This section marks the final entry of the story of Jesus’ childhood, and Matthews attempts to shoehorn that childhood into as many prophecies as possible. As ridiculous as it seems, I honestly think Matthew is being serious. It feels very conspiracy theory, though. I imagine him talking very quickly, and emphasising the prophecy bits with raised eyebrows.
Seriously, Matthew needs to come up with a different reason for why things happen than ‘an angel came to them in a dream’. Every… time… it’s an angel in their dreams. On the other hand, hey, if that’s what happened, that’s what happened. Maybe people didn’t need as much variety in their lives 2000 years ago. I can just imagine today, ‘You’ve already come to me in my dreams twice already, can’t you send a text, or write something on the wall this time? No one believes me when it’s a dream thing!’
Archelaus was reputed to be just as ruthless as his dad, Herod. Thus the fear. Instead, he went to Galilee, specifically Nazareth. Why is that, you ask? Well didn’t you know about the prophecy that said the Messiah would be called a Nazarene? It would appear that, at the time, being called a Nazarene was a derogatory thing or something to be ashamed of. In other words, something Jesus wouldn’t want to be called.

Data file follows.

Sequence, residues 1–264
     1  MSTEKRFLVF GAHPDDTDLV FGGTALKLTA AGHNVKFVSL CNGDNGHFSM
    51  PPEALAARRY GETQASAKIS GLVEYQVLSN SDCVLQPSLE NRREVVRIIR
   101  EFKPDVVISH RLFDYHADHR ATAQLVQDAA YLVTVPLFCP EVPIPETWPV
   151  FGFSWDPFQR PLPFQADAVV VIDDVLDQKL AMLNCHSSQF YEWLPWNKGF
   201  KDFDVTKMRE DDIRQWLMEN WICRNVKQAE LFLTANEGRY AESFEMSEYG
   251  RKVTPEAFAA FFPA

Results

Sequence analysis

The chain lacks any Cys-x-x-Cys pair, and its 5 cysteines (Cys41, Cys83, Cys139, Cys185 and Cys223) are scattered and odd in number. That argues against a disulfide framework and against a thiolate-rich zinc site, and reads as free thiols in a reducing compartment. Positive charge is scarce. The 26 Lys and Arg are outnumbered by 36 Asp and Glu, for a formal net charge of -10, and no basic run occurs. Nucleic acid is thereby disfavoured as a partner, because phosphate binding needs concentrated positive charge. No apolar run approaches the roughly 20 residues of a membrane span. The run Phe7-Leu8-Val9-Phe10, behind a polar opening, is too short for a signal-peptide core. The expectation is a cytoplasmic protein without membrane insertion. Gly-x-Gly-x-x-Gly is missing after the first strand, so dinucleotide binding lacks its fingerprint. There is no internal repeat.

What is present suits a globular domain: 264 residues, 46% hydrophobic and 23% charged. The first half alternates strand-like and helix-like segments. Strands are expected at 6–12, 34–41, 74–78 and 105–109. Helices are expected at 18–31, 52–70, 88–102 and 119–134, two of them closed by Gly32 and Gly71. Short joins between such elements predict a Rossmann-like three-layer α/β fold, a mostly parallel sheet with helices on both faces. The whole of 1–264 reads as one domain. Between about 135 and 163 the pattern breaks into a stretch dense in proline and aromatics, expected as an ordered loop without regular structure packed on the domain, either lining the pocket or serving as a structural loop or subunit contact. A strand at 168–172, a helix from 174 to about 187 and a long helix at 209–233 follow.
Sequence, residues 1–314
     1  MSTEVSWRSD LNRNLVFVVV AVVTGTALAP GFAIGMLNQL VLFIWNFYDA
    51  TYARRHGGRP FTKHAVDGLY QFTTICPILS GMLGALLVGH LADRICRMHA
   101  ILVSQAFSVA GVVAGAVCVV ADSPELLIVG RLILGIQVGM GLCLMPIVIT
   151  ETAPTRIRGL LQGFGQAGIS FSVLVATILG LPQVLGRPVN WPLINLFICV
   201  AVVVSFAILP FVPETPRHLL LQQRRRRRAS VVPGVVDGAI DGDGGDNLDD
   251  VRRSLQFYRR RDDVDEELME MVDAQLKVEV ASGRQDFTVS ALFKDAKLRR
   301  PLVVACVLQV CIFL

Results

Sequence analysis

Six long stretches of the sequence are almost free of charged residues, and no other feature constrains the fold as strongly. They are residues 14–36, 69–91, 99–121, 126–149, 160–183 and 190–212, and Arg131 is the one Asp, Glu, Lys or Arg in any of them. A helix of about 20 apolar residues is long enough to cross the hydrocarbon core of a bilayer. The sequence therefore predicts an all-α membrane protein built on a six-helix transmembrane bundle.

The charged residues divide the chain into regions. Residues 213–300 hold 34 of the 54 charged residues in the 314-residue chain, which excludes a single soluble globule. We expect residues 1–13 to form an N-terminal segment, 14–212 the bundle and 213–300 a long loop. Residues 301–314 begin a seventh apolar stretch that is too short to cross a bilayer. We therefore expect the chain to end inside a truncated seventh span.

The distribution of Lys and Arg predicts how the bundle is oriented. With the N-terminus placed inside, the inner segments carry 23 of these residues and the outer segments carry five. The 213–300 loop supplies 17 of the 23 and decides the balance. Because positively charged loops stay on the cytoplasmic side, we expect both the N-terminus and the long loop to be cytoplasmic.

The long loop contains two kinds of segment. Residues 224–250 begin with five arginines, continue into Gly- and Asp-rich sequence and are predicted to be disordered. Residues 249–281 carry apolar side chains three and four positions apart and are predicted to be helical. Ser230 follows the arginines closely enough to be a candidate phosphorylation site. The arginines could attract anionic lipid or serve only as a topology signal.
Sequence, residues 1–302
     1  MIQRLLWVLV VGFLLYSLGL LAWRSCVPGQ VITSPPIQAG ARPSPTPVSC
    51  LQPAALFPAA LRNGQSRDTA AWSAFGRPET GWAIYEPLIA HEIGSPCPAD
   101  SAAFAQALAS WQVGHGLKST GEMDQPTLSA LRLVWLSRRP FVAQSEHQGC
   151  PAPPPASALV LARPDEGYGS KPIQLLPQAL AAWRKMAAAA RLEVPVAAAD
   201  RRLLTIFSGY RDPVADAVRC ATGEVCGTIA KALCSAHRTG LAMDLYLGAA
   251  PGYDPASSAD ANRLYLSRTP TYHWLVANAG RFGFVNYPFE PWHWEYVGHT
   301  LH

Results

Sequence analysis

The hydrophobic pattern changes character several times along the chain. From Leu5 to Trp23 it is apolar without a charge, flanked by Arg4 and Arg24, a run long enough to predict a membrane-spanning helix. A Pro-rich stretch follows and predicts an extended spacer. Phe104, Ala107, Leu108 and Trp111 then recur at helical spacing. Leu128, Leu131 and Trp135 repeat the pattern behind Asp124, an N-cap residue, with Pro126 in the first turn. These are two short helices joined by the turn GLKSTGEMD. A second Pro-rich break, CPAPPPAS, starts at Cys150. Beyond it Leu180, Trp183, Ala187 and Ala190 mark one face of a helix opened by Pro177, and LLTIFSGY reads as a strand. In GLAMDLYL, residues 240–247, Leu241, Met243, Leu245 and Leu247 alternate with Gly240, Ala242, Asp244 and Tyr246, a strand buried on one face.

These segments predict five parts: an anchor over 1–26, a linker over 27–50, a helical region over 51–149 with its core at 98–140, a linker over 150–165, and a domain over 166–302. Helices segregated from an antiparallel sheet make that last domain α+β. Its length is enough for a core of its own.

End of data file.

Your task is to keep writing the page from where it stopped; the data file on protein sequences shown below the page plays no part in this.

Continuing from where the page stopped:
And there you have it, the birth story of Christ as told by Matthew. My reasonable assessment? It sounds like a guy trying really hard to convince a superstitious crowd that Jesus fit all of the prophecies of the Messiah. I liked Marks arguments better, as they were based on Jesus’ actions and miracles. We’re not done with the convincing yet, though. So let’s not write Matthew off just yet.
Until next time, grace and peace to you all.